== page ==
Shift management is the go-to method for managing shift workers.
For instance, employees who come to the office from 8 am to 5 pm, for instance, will have daytime managers. And those that work evenings or nights will have another manager.
Naturally, not every organization breaks up its workday into separate shifts. However, departments that do, such as customer service, rely on shift managers to oversee employees and maintain productivity.
However, the workplace is rapidly changing – especially in 2020, which saw the arrival of the COVID-19 pandemic.
In today’s digital workplace, which is becoming more remote and more technology-driven by the day, is shift management still relevant?
Below, we’ll explore the answer to this question and look at a few strategies for managing a remote workforce.
Is Shift Management Still Useful in a Remote Workplace?
Today’s workplace is becoming more complex by the day, which can pose a challenge to traditional management styles.
Here are a few examples of factors that are shifting the way we work:
- Flex-time gives employees the freedom to start and end their shifts at different times
- Remote working allows employees to work from home, increasing the flexibility of both time and location
- Gig workers and independent contractors often perform project-based work, and shift management often does not apply to them
As changes such as these gradually transform the work world, we will need to rethink the way we approach management, shifts, and the workday.
Pros of Shift Management
The above reasons are not enough to abandon shift management. There are, after all, a number of benefits to this structure.
- Shifts keep teams in sync and on the same page
- Managers can oversee employees more easily when they work in shifts
- The structure that shifts provide can provide a routine and help keep employees productive and disciplined
At the same time, however, shifts are not always useful in every circumstance.
Cons of Shift Management
Here are a few examples:
- Shift management does not work for independent contractors or gig workers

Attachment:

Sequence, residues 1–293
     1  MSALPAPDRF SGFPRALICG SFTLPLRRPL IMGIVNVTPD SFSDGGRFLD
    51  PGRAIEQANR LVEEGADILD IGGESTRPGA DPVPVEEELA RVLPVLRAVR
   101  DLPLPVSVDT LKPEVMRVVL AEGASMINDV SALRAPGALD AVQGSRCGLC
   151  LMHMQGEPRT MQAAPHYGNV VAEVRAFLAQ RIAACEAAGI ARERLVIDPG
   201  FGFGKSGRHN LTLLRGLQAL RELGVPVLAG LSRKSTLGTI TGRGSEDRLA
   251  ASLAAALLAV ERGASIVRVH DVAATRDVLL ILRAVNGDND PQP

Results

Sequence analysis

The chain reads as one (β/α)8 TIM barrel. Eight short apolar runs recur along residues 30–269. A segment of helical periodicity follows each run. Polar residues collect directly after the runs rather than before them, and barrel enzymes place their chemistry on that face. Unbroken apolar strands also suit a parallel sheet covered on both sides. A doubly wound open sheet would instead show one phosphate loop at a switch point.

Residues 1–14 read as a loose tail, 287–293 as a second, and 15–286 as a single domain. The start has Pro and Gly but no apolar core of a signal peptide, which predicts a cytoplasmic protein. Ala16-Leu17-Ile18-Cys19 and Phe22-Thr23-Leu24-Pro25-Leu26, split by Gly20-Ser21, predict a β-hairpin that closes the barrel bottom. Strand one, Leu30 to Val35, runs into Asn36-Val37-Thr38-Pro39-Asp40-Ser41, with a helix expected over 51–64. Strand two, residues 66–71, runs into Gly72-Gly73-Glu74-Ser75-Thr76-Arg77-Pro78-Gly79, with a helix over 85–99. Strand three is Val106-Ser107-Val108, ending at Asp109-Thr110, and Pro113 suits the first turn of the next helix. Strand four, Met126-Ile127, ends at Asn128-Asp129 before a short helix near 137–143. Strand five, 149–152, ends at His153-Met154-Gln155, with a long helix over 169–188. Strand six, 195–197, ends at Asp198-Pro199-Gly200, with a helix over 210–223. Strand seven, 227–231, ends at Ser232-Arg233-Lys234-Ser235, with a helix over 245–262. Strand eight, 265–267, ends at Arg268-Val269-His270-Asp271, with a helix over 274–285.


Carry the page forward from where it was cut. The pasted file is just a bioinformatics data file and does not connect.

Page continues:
- Flexible work schedules blur shift boundaries and can make them less relevant
- Shifts can reduce employees’ independence, which can be counterproductive for workers who are more self-reliant and independent
Ultimately, the choice of whether or not to use shift management should depend on the company, the department, the organizational culture, who the workers are, and similar factors.
Shift management can certainly be useful, even in a remote work environment, as mentioned.
Yet there are alternative approaches to managing a remote workforce, and some can be just as effective as shift management.
Tips for Adjusting Management Styles for the Remote Workplace
Here are a few ideas on how team leaders can manage virtual teams by blending shift management with asynchronous management techniques:
Check in regularly periodically at set times during the day.
Shifts, routines, and habits all help employees stay disciplined.
Structure, in other words, acts as a guide and a framework that can keep employees focused and disciplined.
In a remote work world, regular check-ins can serve much the same purpose.
Request that workers send in logs or performance reports daily.
Another similar option is to have employees send in reports or logs, rather than checking in with them directly.
This approach still employs a certain amount of structure, but it offers slightly more freedom to workers, which can improve productivity for certain personality types.
Hold regular team meetings at a set time each day.
Regular team meetings, like the two techniques just mentioned, require that employees adhere to a minimal daily routine.
Often, that is enough to help keep employees focused and on track, with or without shifts.
Of course, these meetings can be combined with other routines, such as daily reports, to add yet more structure to the remote workday.
Adjust management styles and work requirements to suit the needs of individual employees.
Studies have shown that remote workers are happier and even work more hours than onsite employees.
Increased flexibility is one of the key reasons for this increased job satisfaction, so managers should take this lesson to heart.
While structure, as mentioned above, can be useful for some employees, others are more productive with fewer rules.
Managers can cater to those employees by offering them more flexibility to work how and when they want.
Focus less on employees’ activity and more on their output.
When working onsite with employees, managers can directly supervise employees and check in with them regularly.
This becomes more difficult in a virtual workplace. Even with the methods covered above, such as regular check-ins, many managers will still want more oversight.
Instead of focusing on employees’ activities, however, managers should consider shifting their focus to employee performance, output, and productivity.
Those metrics, after all, are what impact the bottom line – not whether an employee stays busy or not.
As we have seen, shift management does have its place and can still be a great way to structure the workday.
However, telecommuting offers an opportunity for managers to test out new management styles and offer employees more freedom in the way they work.
In fact, new approaches to management can actually improve employee engagement, job satisfaction, and productivity – while also easing the workload for managers.